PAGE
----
The smell of burning leaves is forever seared in my mind.
As memorable as the blazing orange and red colors of the fall leaves of my childhood were , it was the vibrant warmth of the fall leaves burning that remains.
The first real nippy day in November , when early morning frost would sit on the grass like a frosting of sugar on cereal flakes, neighbors would be out raking their fallen leaves- as they crunched and crackled underfoot- into neat little piles of reds and scarlet, oranges and yellow.
A light breeze and suddenly leaves would take off from yard to yard, so that we might be raking up a Maple leaf from some other neighborhood amongst our oaks. It was if the trees were shutting down for the winter, like the frozen custard stands that dotted the boardwalk at Long Beach, all boarded up, a sign posting closed for winter see you in the spring.
We All Fall Down
Jumping in the pile of crunchy dead leaves, hurling them into the air like confetti, was a fall ritual for mid-century kids .
For Dads, burning leaves was a fall ritual to replace the Weber grills that they had put away for the season, giving them one more opportunity to indulge in this primordial behavior. Fire making and maintaining it was a man’s job; they merely exchanged their Hawaiian shirts for plaid flannel ones.
Leaf burning was a communal event. Loaded down with a bushel basket of leaves, Dad dumped them into the burn barrel, as all the neighbors gathered around having conversations as their leaf piles slowly smoldered.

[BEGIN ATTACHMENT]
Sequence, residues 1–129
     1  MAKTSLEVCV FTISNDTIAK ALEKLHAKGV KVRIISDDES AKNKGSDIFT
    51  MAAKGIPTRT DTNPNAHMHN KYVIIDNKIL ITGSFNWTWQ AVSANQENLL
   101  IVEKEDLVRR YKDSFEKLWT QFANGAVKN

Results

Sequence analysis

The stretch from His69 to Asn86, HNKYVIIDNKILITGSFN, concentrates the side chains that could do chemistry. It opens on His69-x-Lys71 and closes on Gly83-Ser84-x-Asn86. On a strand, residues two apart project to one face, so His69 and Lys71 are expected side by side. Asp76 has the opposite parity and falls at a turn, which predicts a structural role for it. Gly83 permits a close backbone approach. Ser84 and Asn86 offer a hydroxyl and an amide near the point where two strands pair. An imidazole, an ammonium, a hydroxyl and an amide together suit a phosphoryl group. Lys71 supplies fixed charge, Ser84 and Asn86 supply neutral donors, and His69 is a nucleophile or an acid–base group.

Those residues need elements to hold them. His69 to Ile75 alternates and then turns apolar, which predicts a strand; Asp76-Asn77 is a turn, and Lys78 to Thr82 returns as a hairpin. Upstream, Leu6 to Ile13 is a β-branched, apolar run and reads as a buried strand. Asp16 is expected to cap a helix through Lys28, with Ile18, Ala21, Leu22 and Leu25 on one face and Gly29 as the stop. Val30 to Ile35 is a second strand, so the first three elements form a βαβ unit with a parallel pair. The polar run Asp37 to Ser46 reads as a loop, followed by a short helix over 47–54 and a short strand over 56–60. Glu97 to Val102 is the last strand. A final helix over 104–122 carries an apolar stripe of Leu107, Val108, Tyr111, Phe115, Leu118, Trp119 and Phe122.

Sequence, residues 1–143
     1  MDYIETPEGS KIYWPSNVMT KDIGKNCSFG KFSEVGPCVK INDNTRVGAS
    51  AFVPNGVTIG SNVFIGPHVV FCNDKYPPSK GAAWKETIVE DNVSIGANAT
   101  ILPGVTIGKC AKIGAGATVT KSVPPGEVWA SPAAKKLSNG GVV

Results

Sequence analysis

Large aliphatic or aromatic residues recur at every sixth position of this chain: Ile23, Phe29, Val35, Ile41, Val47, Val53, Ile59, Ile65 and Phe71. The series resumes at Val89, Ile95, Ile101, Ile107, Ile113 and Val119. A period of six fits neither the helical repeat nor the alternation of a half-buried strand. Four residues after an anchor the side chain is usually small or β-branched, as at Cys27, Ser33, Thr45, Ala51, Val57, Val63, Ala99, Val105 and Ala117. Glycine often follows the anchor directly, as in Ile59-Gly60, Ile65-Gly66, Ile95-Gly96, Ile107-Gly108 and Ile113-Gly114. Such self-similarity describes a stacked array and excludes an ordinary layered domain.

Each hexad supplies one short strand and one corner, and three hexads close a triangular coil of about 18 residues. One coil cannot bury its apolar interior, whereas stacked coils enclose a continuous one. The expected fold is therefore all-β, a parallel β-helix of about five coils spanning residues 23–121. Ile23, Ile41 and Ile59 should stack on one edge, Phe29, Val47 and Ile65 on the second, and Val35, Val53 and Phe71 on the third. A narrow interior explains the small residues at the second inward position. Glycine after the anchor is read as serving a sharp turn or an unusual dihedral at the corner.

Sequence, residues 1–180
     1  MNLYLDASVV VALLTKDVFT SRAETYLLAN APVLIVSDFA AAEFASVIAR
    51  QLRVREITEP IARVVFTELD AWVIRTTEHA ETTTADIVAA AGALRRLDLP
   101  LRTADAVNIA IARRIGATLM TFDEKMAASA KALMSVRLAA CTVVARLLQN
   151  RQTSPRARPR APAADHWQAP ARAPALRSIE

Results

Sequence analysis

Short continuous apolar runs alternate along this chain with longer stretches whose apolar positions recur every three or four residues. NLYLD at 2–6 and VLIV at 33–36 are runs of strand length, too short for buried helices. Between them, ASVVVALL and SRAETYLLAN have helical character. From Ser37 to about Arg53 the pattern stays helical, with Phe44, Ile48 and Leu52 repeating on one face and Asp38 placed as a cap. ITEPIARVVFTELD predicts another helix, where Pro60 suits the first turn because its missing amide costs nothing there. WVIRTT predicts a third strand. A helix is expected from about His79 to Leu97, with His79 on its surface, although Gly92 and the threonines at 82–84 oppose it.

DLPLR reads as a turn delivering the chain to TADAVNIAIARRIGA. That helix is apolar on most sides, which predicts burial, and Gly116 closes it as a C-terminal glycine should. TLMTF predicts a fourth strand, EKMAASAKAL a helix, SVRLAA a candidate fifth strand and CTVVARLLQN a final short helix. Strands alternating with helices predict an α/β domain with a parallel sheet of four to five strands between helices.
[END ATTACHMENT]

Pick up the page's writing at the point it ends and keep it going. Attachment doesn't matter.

After discussing the big 10 football games, conversations could be as heated and full of sparks as the burning barrels containing leaves. By the late 1950’s, early 60’s one topic more than any other sparked controversy.
The hot topic was the danger of radioactive fallout and some folks had begun questioning the safety of nuclear testing. The explosion of nuclear weapons produced radioactive debris which was carried in the wind along with fall’s foliage to all parts of the world.
Fall was the perfect name; apples and acorns were falling, leaves were falling and now there was fallout.
The mood of the world darkened at the thought.
Suddenly fallout contamination was no longer a vague phrase but real dust settling into every home.
Now it wasn’t just Chicken Little who thought the sky was falling. All anyone could talk about was the danger of radioactive fallout, something dangerous, scary, unseen, up in the sky that could cause great harm.
Harm that neither Superman nor a dose of penicillin could fix. The universe was already a dangerous place. Stars could explode, aliens attack, galaxies collide, and comets could crash into planets.
Revulsion against radioactivity, like the fallout itself, was settling invisibly into every home including mine. Nature’s most perfect food, Milk, that miracle elixir, was now laced with radioactive Strontium 90, released in above ground tests that traveled invisibly thousands of miles to land on grass American cows ate.
Inhaling deeply of the rich sweet aroma of falls burning leaves I would watch with curiosity as the sacrificial smoke wended its way heavenward filling the Autumn sky. I wondered if the dense smoke would interfere in the flight pattern of the flocks of birds migrating south, or clogging the airways for Superman, and Mighty Mouse in their missions to save the weak and helpless.
I now had a personal stake in air traffic. Would the Tooth Fairy from whom I hoped to be expecting a visit, get lost in this mess? Would she collide with a flying saucer, or a weather satellite and even if she could make it through this tangle, this traffic jam, would she be brushing off fallout instead of sprinkling pixie dust?
Coming Soon- A Fall Fable -Burning Leaves Pt II
Copyright (©) 2012 Sally Edelstein All Rights Reserved